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The Campden Park Container Port. (iWN file photo)
The Campden Park Container Port. (iWN file photo)
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A months-old problem with the cranes and stackers at the Campden Park Container Port came to the fore last week as two ships had to leave St. Vincent without being able to offload their cargo amidst the heightened commerce of the Christmas season.

Prime Minister Ralph Gonsalves commented on the development on WE FM on Sunday, saying that he had discussed it with the directorate and management of the Port Authority.

“I have come to certain conclusions because of things which were told to me and things which were told to me were not true,” said Gonsalves, who, up until last month had ministerial responsibilities for seaports.

“I don’t want to go into any details at this point but be assured that requisite action is being taken and will be taken further,” said Gonsalves, who has been succeeded by Senator Julian Francis as minister with responsibility for seaports.

iWitness News has failed in its repeated attempts since Friday to reach SVG Port Authority chief executive Bishen John for a comment on the situation.

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However, we have been able to verify that two ships were unable to off-load and load containers at the port, the nation’s main cargo facility, and sailed away with the cargo, returning this past weekend.

A source with information about the situation told iWitness News that the port’s crane would usually offload the containers, but the crane has been down since February.

Since then, the ships have been using their on-board crane, manned by a Vincentian operator, to offload the cargo.

Last Wednesday, when the vessel “Tropic Carib” docked with 81 containers for St. Vincent and the Grenadines,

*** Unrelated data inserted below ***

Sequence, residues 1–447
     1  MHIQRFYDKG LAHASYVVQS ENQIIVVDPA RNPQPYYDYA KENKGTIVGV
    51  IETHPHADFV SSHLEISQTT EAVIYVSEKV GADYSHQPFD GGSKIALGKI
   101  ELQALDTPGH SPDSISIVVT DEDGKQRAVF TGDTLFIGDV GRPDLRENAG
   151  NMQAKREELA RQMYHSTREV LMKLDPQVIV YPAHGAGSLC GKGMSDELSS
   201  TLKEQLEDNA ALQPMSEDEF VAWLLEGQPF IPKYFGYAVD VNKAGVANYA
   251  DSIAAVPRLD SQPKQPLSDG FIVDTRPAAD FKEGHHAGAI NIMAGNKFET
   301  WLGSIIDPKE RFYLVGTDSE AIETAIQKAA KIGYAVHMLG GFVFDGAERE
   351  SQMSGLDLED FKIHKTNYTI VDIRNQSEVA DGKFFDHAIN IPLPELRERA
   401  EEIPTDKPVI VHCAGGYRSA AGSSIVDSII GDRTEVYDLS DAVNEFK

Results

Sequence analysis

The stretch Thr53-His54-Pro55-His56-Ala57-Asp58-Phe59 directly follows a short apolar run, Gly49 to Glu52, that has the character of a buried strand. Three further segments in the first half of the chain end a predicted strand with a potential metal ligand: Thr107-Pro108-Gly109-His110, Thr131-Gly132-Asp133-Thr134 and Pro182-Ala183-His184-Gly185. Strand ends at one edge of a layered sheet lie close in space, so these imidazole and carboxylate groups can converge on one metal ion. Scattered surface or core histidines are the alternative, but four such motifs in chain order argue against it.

of those containers, 68 were located near the ship’s crane number 1 which was not working.

A decision was made to offload the container accessible by the operational crane then the ship would sail to St. Thomas to have the port there shift the containers around on the vessel so that its crane could offload them in St. Vincent.

However, the port’s stacker, which would stack the containers after they have been offloaded, broke down from sometime around 10 a.m. to around 1:30 p.m.

“I am not sure why the stacker was down this time, because it is every week there is some problem,” said the source, who spoke to iWitness News on condition of anonymity.

“About two weeks ago, both stackers were down and I don’t know why they don’t fix them,” the source said.

The source said that after the stacker was fixed, it had to load tractor-trailers that had been waiting to haul containers to Kingstown and other parts of the country.

However, because the operation was so slow, the vessel decided around 3 p.m. that any further delay would significantly affect its schedule.

By that time, port workers had been able to offload about eight containers in one hour and 20 minutes.

The source said that when the port’s crane is operating, workers handle some 20 containers an hour.

The ship, therefore, decided to halt the operation to offload the containers and hoist anchor. It returned on Sunday.

Further to that, there were more than 100 containers to be loaded onto the ship before its scheduled departure time.